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The niceties of polite yachting competition, such as the contest for the America's Cup, permit no public wrangling, but the wrangling does occur nonetheless. It is inevitable. Sooner or later someone shoots off his seagoing mouth.

The mouth this time belongs to George O'Day, 5.5-meter gold medalist of the 1960 Olympics, a good sailor who was displaced as skipper of Easterner in the Cup trials and then picked up as spokesman for and adviser to Weatherly's Bus Mosbacher. (In the last few days he has been an active crew member.)

During the races O'Day has been writing signed commentary on the races for the Boston Traveler. Some of his judgments have kicked up a williwaw in Australia, where he has come to be described as "The Ugly American." In one article he protested Sir Frank Packer's use of a walkie-talkie to call "all tacks, spinnaker changes and maneuvers" during preparatory runs (though not, of course, in the actual races, where this would have been against the rules). Sir Frank, head of the Australian syndicate that owns Gretel, bit his tongue and refused comment.

"Sir Frank has given confidence to no one and is running the show himself," wrote O'Day, giving confidence to no one that amicable relationships would prevail. The day after Gretel encountered Weatherly in a beat to windward during a shakedown, O'Day observed that "they were following us the same way an amateur skier follows a professional, trying to learn how he does it."

There may have been justification for the criticism—after all, in the actual races Gretel did better without benefit of Sir Frank's squawk box. Skippers generally do better on their own. But in Australia O'Day's observations revived the dearly held conviction that jealous Yanks had poisoned the great Phar Lap (in 1932). He was accused of trying to "unsettle" the Australian crew with his comments and of perpetrating "miserable...propaganda." By extension, his remarks were held to be the responsibility of the entire American press, which has, in fact, been most polite.

If O'Day were functioning solely as a critic of yachting during the America's Cup competition, one might differ with his views but still not dispute his right to voice them. However, as a Weatherly crewman and spokesman, he has been singularly graceless in his caustic essays and press conference comment. Skipper Mosbacher piped him down last week, but the damage already was done.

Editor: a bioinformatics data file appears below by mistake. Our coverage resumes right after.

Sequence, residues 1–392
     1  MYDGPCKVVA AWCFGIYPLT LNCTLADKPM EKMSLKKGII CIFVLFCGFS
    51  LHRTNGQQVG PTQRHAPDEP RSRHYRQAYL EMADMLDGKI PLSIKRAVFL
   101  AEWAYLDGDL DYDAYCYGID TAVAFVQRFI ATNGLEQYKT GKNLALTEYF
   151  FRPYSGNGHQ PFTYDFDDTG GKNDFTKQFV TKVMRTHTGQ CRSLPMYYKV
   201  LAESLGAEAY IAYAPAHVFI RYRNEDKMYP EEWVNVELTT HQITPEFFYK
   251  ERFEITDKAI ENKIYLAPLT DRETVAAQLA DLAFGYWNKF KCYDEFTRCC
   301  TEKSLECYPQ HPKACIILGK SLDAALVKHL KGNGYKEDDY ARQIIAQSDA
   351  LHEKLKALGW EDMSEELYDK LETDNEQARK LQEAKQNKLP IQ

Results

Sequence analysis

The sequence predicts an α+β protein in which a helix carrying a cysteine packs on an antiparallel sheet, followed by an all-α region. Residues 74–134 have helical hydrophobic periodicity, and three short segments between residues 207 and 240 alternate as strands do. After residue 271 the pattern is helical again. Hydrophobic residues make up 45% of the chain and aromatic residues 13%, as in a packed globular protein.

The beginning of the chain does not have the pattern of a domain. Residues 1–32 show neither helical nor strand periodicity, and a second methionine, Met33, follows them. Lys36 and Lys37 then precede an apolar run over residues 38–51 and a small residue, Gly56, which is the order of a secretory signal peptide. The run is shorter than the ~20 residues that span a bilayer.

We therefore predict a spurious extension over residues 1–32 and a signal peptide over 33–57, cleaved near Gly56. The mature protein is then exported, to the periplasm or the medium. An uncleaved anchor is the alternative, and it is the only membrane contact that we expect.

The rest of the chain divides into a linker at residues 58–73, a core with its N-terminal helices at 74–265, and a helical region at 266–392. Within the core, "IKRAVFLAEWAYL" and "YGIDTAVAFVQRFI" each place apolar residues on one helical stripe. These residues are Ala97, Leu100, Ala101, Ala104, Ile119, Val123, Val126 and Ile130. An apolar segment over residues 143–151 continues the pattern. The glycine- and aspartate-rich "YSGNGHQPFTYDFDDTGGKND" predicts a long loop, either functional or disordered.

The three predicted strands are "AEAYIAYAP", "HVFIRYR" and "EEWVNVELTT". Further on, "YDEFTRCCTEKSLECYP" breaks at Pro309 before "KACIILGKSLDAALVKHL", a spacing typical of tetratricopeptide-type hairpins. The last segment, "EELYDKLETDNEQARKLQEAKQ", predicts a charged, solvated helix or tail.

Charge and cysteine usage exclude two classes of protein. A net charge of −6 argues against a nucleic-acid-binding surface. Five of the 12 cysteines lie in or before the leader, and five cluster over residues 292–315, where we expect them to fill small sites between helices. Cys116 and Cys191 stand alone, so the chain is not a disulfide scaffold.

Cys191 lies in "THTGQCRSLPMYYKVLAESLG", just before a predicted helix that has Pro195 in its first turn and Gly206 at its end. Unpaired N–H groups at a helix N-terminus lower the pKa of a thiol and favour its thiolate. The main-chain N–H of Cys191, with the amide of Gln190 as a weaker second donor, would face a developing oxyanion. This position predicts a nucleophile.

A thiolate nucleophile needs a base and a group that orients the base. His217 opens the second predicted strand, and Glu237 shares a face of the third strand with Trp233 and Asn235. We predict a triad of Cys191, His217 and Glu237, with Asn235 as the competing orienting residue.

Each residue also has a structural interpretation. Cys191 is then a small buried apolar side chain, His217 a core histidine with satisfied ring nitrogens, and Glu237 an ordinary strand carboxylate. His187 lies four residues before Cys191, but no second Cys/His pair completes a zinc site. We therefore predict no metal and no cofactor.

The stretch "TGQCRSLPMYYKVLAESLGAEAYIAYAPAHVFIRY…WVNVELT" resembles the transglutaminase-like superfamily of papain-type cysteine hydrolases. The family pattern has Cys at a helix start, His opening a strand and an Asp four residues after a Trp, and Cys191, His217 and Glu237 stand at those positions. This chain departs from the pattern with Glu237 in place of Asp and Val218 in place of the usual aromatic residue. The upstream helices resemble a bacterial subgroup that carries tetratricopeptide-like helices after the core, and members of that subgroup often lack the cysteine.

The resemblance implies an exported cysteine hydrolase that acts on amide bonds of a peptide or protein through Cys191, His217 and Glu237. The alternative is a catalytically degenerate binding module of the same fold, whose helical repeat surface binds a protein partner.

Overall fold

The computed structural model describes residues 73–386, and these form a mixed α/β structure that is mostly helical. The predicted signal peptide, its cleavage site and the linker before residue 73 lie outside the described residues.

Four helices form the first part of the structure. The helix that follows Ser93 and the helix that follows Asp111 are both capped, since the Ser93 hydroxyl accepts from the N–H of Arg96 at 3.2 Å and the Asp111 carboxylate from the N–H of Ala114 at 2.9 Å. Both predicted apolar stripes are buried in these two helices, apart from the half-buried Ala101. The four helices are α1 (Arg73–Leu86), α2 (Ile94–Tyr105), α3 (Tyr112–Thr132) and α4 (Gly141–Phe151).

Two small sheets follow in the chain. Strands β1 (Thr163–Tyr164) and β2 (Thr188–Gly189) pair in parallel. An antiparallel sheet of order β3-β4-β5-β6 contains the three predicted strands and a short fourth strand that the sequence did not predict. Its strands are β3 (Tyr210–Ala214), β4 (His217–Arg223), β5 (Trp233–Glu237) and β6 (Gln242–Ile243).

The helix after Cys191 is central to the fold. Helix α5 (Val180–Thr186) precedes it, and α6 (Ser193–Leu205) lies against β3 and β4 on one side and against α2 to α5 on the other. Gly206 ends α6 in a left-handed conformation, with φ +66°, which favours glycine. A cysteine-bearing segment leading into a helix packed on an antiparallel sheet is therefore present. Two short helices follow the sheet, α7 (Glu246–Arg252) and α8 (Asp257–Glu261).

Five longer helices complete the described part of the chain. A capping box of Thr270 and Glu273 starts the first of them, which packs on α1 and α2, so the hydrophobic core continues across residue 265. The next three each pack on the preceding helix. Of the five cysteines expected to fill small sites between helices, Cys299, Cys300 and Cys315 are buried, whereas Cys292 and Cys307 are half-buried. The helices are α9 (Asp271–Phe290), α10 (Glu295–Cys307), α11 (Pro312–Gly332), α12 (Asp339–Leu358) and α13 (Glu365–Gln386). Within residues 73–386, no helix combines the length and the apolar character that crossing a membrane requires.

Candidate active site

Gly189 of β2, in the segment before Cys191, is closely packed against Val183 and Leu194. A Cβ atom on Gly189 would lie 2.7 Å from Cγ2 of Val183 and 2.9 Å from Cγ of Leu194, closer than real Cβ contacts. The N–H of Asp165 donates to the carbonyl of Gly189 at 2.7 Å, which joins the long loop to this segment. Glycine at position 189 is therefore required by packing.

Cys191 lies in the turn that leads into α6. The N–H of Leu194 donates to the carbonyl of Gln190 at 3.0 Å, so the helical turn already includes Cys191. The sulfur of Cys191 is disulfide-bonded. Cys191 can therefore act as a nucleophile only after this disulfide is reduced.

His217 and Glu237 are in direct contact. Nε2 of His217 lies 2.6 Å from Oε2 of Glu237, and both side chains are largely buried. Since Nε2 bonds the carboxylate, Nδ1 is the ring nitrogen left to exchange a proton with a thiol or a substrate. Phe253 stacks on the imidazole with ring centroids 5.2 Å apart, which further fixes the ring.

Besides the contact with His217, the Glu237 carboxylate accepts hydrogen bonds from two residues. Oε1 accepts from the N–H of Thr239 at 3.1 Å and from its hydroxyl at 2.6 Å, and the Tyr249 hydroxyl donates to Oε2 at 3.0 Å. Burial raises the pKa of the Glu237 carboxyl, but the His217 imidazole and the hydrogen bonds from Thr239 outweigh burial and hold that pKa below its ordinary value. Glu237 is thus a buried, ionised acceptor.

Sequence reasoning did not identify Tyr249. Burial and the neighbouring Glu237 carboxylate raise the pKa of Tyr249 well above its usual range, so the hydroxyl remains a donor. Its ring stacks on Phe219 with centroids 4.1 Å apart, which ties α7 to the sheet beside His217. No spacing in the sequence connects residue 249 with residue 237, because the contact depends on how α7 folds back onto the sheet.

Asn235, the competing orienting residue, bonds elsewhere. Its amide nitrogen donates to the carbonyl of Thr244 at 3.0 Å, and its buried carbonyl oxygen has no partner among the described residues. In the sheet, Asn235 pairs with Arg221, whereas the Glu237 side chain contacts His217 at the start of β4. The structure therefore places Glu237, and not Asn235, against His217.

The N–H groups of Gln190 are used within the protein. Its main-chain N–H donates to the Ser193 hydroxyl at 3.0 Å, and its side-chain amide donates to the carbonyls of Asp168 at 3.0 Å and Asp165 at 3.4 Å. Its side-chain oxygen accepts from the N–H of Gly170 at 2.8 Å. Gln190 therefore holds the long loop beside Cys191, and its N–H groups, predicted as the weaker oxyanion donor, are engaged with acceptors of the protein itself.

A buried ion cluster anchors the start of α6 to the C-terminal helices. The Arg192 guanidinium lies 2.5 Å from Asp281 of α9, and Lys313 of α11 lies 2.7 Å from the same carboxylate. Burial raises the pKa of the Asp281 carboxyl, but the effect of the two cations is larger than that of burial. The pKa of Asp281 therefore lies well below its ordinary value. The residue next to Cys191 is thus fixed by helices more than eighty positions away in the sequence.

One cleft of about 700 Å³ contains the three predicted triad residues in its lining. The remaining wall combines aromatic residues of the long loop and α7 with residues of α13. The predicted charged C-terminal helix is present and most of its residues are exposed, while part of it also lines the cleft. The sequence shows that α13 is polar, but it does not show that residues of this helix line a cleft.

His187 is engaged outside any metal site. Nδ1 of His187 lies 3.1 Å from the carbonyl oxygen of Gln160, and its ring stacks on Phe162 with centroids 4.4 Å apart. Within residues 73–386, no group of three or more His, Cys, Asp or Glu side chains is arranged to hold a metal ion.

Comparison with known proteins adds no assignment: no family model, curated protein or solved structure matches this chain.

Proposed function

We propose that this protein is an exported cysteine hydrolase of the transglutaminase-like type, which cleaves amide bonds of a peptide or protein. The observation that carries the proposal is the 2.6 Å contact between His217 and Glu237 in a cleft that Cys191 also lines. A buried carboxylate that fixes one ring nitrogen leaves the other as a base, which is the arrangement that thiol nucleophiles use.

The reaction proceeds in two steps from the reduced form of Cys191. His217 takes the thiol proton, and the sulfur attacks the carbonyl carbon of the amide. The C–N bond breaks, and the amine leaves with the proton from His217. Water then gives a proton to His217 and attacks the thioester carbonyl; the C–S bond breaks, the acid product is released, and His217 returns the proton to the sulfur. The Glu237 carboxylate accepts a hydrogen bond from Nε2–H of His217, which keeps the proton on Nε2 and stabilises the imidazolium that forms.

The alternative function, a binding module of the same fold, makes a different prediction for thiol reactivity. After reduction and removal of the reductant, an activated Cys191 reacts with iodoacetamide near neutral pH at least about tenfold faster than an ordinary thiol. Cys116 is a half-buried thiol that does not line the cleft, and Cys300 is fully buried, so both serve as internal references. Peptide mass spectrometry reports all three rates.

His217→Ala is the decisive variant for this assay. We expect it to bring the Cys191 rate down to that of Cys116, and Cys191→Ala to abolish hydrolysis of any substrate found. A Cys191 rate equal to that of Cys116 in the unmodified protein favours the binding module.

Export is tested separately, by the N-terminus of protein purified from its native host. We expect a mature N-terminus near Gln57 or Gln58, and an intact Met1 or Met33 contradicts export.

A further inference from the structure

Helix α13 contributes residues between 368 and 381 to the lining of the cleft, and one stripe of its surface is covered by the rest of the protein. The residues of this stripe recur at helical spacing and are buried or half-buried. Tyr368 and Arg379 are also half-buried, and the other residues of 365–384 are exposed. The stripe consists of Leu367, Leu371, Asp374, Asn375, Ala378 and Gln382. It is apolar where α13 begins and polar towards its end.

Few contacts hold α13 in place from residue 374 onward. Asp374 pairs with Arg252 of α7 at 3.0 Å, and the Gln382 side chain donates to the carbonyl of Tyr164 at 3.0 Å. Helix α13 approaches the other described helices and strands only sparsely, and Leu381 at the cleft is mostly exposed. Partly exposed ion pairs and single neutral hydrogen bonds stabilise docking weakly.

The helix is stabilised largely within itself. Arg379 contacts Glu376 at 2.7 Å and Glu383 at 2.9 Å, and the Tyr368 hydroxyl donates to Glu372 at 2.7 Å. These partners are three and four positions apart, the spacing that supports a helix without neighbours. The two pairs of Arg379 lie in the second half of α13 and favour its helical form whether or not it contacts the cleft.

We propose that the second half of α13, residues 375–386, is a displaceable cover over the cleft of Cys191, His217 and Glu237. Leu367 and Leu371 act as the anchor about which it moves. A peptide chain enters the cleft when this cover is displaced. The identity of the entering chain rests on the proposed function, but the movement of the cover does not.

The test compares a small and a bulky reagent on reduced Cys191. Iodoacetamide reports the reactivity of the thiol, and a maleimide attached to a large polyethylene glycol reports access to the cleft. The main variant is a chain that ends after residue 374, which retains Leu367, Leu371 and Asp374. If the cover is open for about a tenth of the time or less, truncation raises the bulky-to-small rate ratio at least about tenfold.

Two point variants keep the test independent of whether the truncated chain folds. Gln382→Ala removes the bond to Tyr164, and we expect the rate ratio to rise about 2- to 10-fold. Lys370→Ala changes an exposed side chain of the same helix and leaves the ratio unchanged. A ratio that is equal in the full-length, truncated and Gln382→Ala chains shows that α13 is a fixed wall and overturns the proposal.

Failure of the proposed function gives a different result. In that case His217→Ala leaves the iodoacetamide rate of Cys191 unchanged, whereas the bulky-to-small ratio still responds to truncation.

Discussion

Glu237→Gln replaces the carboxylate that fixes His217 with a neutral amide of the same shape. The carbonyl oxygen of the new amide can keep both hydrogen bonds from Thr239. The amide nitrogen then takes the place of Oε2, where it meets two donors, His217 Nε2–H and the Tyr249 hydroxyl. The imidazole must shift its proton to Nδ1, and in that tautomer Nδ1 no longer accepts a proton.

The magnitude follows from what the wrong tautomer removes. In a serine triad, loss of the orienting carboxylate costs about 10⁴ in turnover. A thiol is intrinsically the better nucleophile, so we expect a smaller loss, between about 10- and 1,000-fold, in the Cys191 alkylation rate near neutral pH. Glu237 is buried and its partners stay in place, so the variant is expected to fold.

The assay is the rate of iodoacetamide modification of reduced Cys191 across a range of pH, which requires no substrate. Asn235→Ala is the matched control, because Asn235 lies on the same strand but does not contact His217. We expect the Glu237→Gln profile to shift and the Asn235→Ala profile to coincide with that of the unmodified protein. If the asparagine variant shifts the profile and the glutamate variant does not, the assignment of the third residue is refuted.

Tennis, which has been the sport of elderly Swedish kings as well as young commoners, presents a special problem to those who are getting on in years. The family doctor's tut-tut about overexertion can force bitter retirement. Royalty may solve this by requiring an etiquette that calls for all shots to be returned within reach or not played at all, but few commoners can demand this special consideration.

There is a solution, devised a few years ago by former Senator William Benton. The Senator had been warned by his doctor that he was getting too old for singles and, since volleying never has been his strong point, he did not care too much for standard doubles. So he invented a simple, four-man game that would involve little volleying and absolutely no heart-pounding dashes to the net after drop shots. The basic rule change: a ball that lands inside the service area must bounce across the service line or be counted an error.

It reduced tennis to a backcourt and service game and will not be admired by youthful purists, but it enabled Senator Benton and his contemporaries to get out on the courts, swing a racket and have some healthful fun and exercise without danger of bringing on angina pectoris.

Suppose that, after Frank Howard was graduated from Ohio State, Baseball Commissioner Ford Frick had bought the Chicago Cubs and then had offered Howard $60,000 to play baseball for either the Cubs or the Pittsburgh Pirates. Preposterous? In baseball, yes, in basketball, no. In Kansas City the other day Abe Saperstein said publicly that he had recently offered Jerry Lucas $60,000 to play for either the Pittsburgh or Chicago teams in the American Basketball League. And who is Abe Saperstein? He is the commissioner of the ABL and also owner of the Chicago entry in that league.


The antipathy of Coach Paul Brown of the Cleveland Browns for tobacco-chewing football players, expressed in a recent article (SI, Sept. 10), has moved one of our occasional contributors, Myron Cope, to protest on behalf of a practice which, he says, is healthful, pleasant, soothing and a cure for hangovers. In an angry retort to Brown's "brazenly ignorant blast at chewing tobacco," Cope inquires:

"Has he ever experienced the tangy delight of Mail Pouch or Beechnut, or the flat but earthy taste of Havana Blossom (a brand that unfortunately is becoming all too hard to locate in confectioneries these days)?"

Cope feels that Brown's prejudice is senseless and typical of those who have never chewed—people like secretaries, wives and office managers. What they object to, he feels, is not the chewing but the necessary spitting. To avoid detection, he reports, clandestine chewers have devised ingenious tricks. There is, for instance, an advertising agency's account executive who for years has gotten away with chewing on the job by partaking of quantities so small that they do not cause his cheek to bulge (though some chewers would tell you that half the fun is in the bulge) and by keeping a philodendron plant in his office. The plant's pot serves as a camouflaged gaboon.

A more widely used stratagem, Cope says, is the large manila envelope stuffed with tissue paper and tucked in a waste basket. At day's end the executive suite chewer seals the envelope, puts it in his attaché case and, on passing the first sidewalk trash receptacle, casually drops in the envelope as though it were last month's market report.